Assisted Living provides housing and assistance services for adults who can live independently but require regular assistance with daily activities. Facilities must be registered under the Assisted Living Registrar (External Link) and the Residential Tenancy Act does not apply.

Residential Care is for people who require 24-hour professional care and are unable to live independently. These licensed care facilities are governed by the Community Care and Assisted Living Act (External Link)and do not fall under the Residential Tenancy Act.

  • More information on the differences between assisted living and residential care facilities is available by clicking on this link.(External Link).

Military housing that is administered by the Department of National Defence and is managed by the Canadian Forces Housing Agency (CFHA) is not covered by the Residential Tenancy Act (External link). The CFHA has a dispute resolution service for disputes involving military housing.

The Residential Tenancy Act (External link) does not apply to living accommodation rented by a not for profit housing cooperative to a member of the cooperative. Refer to the Cooperative Association Act (External link) for more information.

The Residential Tenancy Act will generally apply to situations where a tenant who is not a member of the cooperative rents a unit from a member of the cooperative, as long as a tenancy has been established.

The Residential Tenancy Act (External link) does not apply to living accommodation owned or operated by an educational institution and provided to students or employees of the institution. However, the Act may apply if a university provides accommodation to individuals other than students or employees of the university, if a tenancy has been established.

For more information about how to determine if a tenancy exists, read our policy guideline on tenancy agreements and licenses to occupy. You may also wish to reach out to the student housing or resident housing manager at your educational institution for assistance in resolving disputes.

In general, the Residential Tenancy Act (External link) does not apply to housing where the primary intent is to provide health care or therapeutic recovery services. Specifically, the Residential Tenancy Act does not apply to living accommodation:

  • In a community care facility under the Community Care and Assisted Living Act(External Link);
  • In a continuing care facility under the Continuing Care Act (External Link);
  • In a public or private hospital under the Hospital Act (External Link) ;
  • If designated under the Mental Health Act (External Link), in a Provincial mental health facility, an observation unit or a psychiatric unit;
  • In a housing-based health facility that provides hospitality support services and personal health care; or - that is made available in the course of providing rehabilitative or therapeutic treatment or services.

Refer to the Community Care and Assisted Living Act for information regarding complaints made in respect of a community care facility.

When a tenant in a manufactured home park owns their manufactured home and rents the site that the home sits on (the pad), this tenancy is covered under the Manufactured Home Park Tenancy Act (External link). This legislation is similar to the Residential Tenancy Act (External link), but is specifically designed for manufactured home parks. Tenancies covered under the Manufactured Home Park Tenancy Act are under the jurisdiction of the Residential Tenancy Branch.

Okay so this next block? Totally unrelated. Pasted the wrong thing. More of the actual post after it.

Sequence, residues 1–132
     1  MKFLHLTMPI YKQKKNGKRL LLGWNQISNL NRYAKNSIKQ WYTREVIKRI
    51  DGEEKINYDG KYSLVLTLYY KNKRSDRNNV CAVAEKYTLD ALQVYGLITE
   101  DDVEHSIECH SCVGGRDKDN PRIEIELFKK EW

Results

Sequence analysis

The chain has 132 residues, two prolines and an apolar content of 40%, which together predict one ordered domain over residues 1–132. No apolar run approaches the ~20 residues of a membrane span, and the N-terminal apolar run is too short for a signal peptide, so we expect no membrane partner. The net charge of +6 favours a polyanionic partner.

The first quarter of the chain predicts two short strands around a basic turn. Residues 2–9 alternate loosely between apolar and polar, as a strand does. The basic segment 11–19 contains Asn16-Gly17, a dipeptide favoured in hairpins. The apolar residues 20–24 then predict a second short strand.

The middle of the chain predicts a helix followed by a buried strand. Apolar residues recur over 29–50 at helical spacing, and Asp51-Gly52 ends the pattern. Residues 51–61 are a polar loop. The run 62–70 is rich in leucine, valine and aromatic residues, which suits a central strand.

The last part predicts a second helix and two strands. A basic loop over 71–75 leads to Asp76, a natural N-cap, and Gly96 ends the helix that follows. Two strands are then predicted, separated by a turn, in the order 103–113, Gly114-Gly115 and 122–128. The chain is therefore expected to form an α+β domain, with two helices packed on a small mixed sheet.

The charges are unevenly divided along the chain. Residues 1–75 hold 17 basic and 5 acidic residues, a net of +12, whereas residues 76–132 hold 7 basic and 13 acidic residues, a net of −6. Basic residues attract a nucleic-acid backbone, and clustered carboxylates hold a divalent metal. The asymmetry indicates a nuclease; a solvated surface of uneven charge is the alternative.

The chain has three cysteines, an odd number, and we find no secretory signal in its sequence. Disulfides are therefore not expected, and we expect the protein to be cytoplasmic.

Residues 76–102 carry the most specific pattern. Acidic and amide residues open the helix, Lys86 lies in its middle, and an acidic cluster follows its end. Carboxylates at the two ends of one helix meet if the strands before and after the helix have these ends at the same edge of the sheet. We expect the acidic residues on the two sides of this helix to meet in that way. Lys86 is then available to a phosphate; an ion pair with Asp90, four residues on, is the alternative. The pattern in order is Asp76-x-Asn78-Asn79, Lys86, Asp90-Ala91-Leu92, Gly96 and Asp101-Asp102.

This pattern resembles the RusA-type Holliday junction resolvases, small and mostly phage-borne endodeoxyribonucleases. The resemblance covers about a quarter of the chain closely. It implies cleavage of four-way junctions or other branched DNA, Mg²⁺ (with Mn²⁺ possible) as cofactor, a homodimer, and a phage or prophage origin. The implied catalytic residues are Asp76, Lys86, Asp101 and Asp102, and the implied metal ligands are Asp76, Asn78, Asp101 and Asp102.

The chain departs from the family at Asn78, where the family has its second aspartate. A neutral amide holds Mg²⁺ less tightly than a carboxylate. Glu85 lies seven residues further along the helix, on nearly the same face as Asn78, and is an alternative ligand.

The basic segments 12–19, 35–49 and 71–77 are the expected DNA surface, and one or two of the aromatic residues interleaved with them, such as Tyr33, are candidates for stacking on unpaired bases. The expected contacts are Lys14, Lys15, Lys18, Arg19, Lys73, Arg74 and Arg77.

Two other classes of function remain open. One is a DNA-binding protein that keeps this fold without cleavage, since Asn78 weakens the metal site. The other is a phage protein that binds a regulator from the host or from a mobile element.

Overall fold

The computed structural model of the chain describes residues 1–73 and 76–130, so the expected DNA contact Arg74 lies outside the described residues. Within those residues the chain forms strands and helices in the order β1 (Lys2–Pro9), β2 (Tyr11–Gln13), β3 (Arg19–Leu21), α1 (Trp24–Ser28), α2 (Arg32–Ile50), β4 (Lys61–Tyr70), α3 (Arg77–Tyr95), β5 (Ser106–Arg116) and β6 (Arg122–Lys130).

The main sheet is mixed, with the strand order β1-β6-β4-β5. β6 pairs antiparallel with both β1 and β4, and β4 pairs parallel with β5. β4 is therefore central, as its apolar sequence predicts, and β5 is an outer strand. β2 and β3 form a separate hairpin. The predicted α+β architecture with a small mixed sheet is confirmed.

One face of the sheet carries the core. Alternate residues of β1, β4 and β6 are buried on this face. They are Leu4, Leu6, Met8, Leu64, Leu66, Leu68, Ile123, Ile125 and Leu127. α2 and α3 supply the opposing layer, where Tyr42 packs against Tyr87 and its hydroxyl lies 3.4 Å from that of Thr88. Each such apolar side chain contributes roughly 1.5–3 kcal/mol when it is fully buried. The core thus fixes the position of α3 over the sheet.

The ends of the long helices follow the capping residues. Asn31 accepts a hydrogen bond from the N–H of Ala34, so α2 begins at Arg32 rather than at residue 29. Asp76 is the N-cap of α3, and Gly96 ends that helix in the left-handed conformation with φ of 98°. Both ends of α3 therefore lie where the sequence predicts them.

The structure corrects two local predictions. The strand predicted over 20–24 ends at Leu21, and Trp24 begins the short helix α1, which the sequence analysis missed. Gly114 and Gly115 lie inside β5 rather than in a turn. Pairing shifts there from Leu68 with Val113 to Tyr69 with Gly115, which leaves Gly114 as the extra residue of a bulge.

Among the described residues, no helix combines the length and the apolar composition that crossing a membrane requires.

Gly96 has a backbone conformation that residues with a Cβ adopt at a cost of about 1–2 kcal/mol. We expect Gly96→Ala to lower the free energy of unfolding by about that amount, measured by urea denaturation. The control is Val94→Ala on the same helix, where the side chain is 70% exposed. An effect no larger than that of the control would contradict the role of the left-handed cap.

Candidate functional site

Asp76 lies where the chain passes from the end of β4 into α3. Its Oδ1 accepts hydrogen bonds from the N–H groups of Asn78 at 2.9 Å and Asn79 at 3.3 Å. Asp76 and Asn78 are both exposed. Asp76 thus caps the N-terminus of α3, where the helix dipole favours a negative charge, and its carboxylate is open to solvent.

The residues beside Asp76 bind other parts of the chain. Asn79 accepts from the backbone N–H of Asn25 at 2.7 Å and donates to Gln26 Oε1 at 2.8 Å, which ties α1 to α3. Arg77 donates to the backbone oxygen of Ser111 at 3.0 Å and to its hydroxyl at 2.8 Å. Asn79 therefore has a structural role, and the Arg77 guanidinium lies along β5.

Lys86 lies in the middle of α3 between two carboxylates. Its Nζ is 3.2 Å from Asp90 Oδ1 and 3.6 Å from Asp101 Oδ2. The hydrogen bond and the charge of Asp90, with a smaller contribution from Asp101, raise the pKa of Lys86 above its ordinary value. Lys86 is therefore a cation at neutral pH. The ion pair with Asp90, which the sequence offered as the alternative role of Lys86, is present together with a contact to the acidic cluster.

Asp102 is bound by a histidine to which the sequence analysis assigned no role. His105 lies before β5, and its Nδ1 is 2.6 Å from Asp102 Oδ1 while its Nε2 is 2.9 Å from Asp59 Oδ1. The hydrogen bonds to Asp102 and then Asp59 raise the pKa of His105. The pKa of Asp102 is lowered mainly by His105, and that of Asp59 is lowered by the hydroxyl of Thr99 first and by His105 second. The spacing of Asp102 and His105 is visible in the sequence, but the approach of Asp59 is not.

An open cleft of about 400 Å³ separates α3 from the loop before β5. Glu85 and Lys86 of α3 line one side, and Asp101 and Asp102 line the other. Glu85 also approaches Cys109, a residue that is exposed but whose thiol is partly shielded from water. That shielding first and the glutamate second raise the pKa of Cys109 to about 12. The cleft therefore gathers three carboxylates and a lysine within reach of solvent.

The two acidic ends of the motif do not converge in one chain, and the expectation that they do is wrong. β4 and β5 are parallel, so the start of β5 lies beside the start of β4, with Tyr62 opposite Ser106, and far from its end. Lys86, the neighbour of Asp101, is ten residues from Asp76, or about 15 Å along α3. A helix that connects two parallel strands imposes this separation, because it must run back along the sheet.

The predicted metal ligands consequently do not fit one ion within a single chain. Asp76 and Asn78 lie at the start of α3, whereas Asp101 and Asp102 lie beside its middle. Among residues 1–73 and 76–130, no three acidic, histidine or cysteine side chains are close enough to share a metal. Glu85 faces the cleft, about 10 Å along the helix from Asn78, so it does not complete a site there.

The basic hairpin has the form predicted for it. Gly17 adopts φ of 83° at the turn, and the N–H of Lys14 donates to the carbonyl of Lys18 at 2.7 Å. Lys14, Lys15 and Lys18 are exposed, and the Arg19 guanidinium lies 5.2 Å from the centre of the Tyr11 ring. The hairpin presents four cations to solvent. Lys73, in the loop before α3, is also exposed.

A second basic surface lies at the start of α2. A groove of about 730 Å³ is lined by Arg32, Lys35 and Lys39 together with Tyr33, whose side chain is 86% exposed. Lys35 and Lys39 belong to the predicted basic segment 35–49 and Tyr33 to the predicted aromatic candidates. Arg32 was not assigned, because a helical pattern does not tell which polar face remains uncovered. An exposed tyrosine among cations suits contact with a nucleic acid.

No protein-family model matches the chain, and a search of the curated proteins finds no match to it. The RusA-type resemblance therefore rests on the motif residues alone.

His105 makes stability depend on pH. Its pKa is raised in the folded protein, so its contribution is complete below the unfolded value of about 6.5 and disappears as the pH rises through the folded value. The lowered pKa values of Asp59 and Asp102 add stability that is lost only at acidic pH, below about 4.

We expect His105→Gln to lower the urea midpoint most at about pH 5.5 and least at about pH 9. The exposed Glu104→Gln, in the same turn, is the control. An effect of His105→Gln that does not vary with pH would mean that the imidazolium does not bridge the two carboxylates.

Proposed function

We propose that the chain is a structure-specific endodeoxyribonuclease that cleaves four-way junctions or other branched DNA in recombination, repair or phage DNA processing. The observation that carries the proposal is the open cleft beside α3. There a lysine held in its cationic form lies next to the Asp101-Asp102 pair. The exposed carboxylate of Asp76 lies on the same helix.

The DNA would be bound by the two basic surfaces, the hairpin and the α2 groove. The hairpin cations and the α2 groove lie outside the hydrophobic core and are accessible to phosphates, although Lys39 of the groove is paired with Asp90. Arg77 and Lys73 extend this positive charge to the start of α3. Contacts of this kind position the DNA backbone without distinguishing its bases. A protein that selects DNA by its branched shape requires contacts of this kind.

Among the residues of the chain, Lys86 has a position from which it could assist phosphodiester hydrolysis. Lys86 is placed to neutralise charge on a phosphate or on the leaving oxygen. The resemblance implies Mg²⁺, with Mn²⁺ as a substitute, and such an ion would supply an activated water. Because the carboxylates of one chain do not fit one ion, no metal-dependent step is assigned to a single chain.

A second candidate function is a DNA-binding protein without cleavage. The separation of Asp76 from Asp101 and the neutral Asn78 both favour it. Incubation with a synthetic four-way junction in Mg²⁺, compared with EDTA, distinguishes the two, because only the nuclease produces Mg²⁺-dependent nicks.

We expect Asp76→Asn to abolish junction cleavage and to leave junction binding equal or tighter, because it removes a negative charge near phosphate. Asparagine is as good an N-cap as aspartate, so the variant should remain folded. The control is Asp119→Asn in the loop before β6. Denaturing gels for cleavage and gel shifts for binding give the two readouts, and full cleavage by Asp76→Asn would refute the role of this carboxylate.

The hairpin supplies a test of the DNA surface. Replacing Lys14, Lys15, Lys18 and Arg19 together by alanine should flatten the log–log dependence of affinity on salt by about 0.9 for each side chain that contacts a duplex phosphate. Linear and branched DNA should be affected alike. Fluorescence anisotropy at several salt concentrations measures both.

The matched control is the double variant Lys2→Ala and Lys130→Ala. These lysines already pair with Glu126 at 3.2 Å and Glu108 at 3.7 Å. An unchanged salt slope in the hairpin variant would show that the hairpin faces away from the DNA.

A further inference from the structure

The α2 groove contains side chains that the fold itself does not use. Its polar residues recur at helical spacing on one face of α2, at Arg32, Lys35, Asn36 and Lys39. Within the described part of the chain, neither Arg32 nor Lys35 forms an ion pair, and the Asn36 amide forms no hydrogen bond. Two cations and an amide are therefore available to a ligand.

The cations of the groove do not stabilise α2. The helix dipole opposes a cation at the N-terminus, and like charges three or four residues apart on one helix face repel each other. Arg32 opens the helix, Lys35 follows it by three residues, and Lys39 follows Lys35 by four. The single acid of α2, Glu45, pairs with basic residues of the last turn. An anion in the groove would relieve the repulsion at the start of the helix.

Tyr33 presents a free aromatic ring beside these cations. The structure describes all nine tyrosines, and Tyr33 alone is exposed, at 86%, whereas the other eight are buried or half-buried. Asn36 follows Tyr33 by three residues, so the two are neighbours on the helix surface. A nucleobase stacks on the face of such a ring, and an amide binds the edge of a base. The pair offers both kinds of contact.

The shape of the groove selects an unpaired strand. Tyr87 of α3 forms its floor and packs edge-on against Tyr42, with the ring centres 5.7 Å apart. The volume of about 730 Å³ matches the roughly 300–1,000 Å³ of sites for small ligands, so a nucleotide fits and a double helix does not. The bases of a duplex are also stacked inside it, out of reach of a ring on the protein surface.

Sometimes, a tenant in a manufactured home park will rent both the manufactured home and the site that the home sits on. These tenancies are covered under the Residential Tenancy Act.

Under the Manufactured Home Park Tenancy Act (External link), it’s possible that an RV, park model (manufactured home smaller than 560 square feet) or a tiny home could fit the definition of a manufactured home. However, determining whether the Manufactured Home Park Tenancy Act applies would depend on whether a tenancy has been established.

Some factors that may determine if there is a tenancy agreement are:

  • The RV, park model or tiny home is intended for residential use.
  • The RV, park model or tiny home is located in a Manufactured Home Park, not a campground or RV Park.
  • The rent is calculated on a monthly basis.
  • The RV, park model or tiny home owner pays utilities such as cable-vision and electricity.
  • There is access to services and facilities usually provided in ordinary tenancies, e.g. frost-free water connections.
  • Visiting hours are not imposed.

Read more about tenancy agreements and travel trailers in our policy guideline.

The Manufactured Home Park Tenancy Act does not apply to float homes or live-aboard boats. However, if a float home or boat owner rents out their float home or boat to a tenant, the Residential Tenancy Act would apply as long as a tenancy has been established.

For more information about how to determine if a tenancy exists, read our policy guideline on tenancy agreements and licenses to occupy.

The Residential Tenancy Act (External link) does not apply to living accommodation occupied as vacation or travel accommodation. This includes hotel rooms and vacation rentals such as AirBnBs. However, the act ­will generally apply if a vacation rental is rented under a tenancy agreement.